Back to Basics
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Congratulations-you've taken the big step and decided to start your own business. You've also figured out that a home office is right for you. You've selected a room or space to work in, but now you're faced with a wide expanse of empty desk space. It's time to fill in the blanks with some home-office technology basics. The hardware and software you choose will be the tools that help you run your business smoothly, so there are important decisions ahead. We're going to look at the bare-bones items you need to get up and running on a budget.
The logical first step is to buy a computer. Before the merger, Compaq Presarios were popular home-office desktop machines. Though Hewlett-Packard now owns the Presario line, they're still hot items. What's especially appealing about the HP Compaq Presario S6000 is that you can configure it online at www.hp.com to fit your needs. The basic S6000Z model starts at $359 (all prices street) with a 2GHz AMD Athlon processor, 128MB RAM and a 40GB hard drive. Those specs will handle most light jobs like Web surfing and word processing. If you plan to use more demanding applications and expect to network PCs eventually, you'll want to customize your computer with higher-end components like Windows XP Professional Edition and more RAM.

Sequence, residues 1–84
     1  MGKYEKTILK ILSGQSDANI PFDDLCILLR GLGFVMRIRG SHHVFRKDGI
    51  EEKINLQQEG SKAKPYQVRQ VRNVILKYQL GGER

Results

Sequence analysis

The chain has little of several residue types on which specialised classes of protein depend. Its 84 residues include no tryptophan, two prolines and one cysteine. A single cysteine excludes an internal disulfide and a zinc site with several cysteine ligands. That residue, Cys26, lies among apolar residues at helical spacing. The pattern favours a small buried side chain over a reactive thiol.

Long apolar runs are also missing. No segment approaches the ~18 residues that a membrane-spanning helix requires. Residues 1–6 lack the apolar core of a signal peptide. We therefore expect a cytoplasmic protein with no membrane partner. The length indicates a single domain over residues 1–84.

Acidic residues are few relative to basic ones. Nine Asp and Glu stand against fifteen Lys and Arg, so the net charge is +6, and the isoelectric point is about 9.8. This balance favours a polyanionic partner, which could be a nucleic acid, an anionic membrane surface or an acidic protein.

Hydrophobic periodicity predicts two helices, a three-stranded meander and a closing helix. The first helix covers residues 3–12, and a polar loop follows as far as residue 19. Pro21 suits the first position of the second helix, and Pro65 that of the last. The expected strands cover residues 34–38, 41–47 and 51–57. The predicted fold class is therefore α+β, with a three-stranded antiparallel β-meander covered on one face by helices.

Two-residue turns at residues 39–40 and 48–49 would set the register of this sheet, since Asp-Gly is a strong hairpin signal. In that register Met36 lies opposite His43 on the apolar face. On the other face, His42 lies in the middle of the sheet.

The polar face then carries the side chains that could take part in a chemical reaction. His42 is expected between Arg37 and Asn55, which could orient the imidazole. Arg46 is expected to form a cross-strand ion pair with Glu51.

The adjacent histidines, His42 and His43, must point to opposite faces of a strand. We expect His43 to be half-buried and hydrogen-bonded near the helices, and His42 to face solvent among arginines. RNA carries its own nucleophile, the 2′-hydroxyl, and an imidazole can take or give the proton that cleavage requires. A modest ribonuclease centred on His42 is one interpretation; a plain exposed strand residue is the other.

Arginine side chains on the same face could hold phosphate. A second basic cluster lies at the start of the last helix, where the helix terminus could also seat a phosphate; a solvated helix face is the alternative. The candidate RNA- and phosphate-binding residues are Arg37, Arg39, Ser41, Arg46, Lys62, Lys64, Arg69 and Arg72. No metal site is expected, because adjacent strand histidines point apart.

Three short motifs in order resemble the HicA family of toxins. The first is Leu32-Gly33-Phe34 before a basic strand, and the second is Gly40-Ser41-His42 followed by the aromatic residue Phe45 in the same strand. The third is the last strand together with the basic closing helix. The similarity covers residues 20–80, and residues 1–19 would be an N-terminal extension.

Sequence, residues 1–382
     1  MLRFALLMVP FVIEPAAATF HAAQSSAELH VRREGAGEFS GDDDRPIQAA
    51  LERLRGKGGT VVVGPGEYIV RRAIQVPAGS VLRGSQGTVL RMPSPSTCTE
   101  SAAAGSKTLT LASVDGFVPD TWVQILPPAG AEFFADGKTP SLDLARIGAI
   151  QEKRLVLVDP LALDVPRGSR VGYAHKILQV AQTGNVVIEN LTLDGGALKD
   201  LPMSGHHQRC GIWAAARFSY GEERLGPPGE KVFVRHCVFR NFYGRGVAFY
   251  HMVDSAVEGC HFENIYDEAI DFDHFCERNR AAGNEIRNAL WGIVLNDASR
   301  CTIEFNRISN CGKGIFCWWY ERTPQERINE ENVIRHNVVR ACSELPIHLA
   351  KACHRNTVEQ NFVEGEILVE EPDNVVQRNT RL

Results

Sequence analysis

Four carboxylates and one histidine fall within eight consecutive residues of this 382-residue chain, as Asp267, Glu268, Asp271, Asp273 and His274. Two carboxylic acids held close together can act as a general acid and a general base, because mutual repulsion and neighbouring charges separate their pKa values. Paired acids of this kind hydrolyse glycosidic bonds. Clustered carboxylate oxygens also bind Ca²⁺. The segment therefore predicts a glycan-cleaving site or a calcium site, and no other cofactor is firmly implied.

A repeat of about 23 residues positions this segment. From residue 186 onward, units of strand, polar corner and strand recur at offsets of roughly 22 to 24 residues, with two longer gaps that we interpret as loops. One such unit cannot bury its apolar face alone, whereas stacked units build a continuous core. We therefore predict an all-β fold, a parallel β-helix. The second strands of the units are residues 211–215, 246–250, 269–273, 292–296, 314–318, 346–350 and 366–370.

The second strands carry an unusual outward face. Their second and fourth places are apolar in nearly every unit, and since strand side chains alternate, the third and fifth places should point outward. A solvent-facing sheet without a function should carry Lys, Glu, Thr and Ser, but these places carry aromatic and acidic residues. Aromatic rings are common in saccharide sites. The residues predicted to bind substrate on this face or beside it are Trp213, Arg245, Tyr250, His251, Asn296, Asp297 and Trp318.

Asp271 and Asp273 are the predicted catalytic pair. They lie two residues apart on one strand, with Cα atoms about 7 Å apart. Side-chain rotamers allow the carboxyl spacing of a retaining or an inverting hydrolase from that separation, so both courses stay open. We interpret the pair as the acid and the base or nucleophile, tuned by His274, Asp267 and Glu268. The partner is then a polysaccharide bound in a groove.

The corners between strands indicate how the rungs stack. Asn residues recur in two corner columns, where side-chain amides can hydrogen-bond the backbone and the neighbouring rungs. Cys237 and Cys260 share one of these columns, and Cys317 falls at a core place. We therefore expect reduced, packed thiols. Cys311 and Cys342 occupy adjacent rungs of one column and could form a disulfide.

Just because you have a desk doesn't mean you must have a desktop computer. A pricier but more flexible laptop may be the ticket. If you'll be doing a lot of business traveling or will need to take your computing power with you on sales calls, then a laptop is something to consider. They're also nice for getting out of your office for a while, even if it's just to sit on the back porch. The eMachines M5312 comes in at an affordable $1,249 and has desirable features like a CD-RW/DVD combo drive, a 60GB hard drive, a 15.4-inch screen and built-in 802.11g wireless networking. At 6.6 pounds, it's not a featherweight, but it's not bad for the price.